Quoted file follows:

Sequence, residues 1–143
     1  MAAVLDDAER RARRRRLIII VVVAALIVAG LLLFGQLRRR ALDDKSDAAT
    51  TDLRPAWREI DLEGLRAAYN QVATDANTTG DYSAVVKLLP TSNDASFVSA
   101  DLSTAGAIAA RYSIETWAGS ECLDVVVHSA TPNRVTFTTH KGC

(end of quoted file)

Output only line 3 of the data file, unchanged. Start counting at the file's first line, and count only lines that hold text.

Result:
    51  TDLRPAWREI DLEGLRAAYN QVATDANTTG DYSAVVKLLP TSNDASFVSA